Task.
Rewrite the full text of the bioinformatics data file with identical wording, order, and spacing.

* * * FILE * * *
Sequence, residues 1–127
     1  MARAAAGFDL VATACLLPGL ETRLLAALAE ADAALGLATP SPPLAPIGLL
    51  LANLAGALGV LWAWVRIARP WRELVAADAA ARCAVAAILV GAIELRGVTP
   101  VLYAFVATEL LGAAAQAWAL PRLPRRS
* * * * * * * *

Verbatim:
Sequence, residues 1–127
     1  MARAAAGFDL VATACLLPGL ETRLLAALAE ADAALGLATP SPPLAPIGLL
    51  LANLAGALGV LWAWVRIARP WRELVAADAA ARCAVAAILV GAIELRGVTP
   101  VLYAFVATEL LGAAAQAWAL PRLPRRS